Learn more about different types of probability and non-probability sampling methods.
There are two types of sampling methods: probability and non-probability. In probability samples, you know how likely it is that an individual in the population is chosen for your sample. Probability samples allow you to draw conclusions about the extent to which the parameters you measured differ from the population, because your sample will be representative of the population you want to investigate. In non-probability samples, you do not know the chances of people being selected for your sample. Yet, this sampling method yields the advantages of being faster and more cost-effective.
Examples of probability sampling methods:
- Simple random sampling. Simple random sampling means that every member of the target population has an equal chance to be selected for the study. In other words, respondents are chosen completely at random.
- Stratified random sampling. In stratified samples, the population is divided into groups, based on certain characteristics (e.g., age and gender). Within each group, a probability sample (often a simple random sample) is selected. In stratified sampling, the groups are called strata.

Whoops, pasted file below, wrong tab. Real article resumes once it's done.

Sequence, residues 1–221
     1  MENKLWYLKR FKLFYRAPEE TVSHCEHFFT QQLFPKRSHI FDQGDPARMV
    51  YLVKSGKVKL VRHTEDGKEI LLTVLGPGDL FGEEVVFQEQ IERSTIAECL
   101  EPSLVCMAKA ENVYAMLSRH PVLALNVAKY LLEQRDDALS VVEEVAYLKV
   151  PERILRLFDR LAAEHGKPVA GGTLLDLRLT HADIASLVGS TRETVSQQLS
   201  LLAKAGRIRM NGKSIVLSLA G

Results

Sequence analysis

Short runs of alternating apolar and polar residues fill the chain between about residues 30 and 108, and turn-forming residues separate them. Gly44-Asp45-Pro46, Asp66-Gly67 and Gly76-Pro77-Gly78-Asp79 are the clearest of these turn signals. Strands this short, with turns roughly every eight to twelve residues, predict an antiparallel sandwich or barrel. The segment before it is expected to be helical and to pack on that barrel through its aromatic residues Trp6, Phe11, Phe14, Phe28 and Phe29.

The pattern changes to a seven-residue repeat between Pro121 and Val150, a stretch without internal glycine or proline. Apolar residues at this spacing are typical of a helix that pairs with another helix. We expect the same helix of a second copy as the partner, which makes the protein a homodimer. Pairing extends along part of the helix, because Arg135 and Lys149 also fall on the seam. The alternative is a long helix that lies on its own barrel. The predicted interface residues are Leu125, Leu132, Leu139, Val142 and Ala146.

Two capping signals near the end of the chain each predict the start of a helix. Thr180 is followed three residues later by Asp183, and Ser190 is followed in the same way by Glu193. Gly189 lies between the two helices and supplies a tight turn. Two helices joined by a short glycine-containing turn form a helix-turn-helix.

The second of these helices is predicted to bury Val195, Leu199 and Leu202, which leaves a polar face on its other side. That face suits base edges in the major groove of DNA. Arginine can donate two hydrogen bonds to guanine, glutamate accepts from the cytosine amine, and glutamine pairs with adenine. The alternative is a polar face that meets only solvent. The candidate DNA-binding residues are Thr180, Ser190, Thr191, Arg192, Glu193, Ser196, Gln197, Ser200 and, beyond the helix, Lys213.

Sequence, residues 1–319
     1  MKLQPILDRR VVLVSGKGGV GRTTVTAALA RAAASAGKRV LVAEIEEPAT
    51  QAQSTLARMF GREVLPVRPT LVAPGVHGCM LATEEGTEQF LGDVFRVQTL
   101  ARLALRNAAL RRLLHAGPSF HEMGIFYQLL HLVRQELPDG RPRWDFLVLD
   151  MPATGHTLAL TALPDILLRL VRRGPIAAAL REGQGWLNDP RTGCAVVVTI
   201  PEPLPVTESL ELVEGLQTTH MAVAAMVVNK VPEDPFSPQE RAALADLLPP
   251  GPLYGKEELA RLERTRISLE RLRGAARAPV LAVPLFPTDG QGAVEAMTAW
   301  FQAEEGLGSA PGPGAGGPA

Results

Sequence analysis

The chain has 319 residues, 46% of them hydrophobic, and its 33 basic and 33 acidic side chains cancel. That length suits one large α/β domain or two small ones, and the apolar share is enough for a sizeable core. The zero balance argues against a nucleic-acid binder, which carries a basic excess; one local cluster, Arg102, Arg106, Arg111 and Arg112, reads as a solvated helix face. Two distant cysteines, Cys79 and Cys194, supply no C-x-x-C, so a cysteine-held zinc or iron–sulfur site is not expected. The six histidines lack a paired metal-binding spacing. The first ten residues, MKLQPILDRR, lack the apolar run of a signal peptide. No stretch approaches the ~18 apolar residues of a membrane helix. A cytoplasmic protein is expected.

- Systematic random sampling. When using this sampling method, a list containing every member in the population of interest is created. From this list, the first x elements are chosen. Thereafter, every xth element in the list is chosen. Note that this sampling method differs from simple random sampling in that not every element in the population is equally likely to be selected for the sample.
Examples of non-probability sampling methods:
- Convenience Sampling. Convenience sampling means collecting a sample of whichever participants are easiest to reach. It’s a first come, first serve sample.
- Quota Sampling. This method is similar to stratified sampling: the population is divided into groups, based certain characteristics. Within each group, a non-probabilistic sample (often a convenience sample) is selected.
- Purposive Sampling. In this sampling method, individuals are hand-selected to be part of a sample. This might be because the individual's views are considered to be particularly important or representative of the population under investigation.